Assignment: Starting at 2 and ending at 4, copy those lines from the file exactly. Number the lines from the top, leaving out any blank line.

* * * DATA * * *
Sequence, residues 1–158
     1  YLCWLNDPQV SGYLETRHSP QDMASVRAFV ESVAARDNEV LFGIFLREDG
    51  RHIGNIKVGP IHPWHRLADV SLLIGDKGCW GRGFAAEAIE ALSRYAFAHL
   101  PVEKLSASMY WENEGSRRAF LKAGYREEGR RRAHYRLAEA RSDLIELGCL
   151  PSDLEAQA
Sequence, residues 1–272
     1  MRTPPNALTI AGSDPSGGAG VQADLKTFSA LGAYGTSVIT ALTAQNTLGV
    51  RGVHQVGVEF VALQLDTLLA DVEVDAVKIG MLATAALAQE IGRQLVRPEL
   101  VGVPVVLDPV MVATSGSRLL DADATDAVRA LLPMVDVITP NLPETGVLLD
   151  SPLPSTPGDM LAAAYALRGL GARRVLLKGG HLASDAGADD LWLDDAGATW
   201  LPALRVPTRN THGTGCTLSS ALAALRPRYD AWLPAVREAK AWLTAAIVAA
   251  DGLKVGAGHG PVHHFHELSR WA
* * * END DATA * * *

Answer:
     1  YLCWLNDPQV SGYLETRHSP QDMASVRAFV ESVAARDNEV LFGIFLREDG
    51  RHIGNIKVGP IHPWHRLADV SLLIGDKGCW GRGFAAEAIE ALSRYAFAHL
   101  PVEKLSASMY WENEGSRRAF LKAGYREEGR RRAHYRLAEA RSDLIELGCL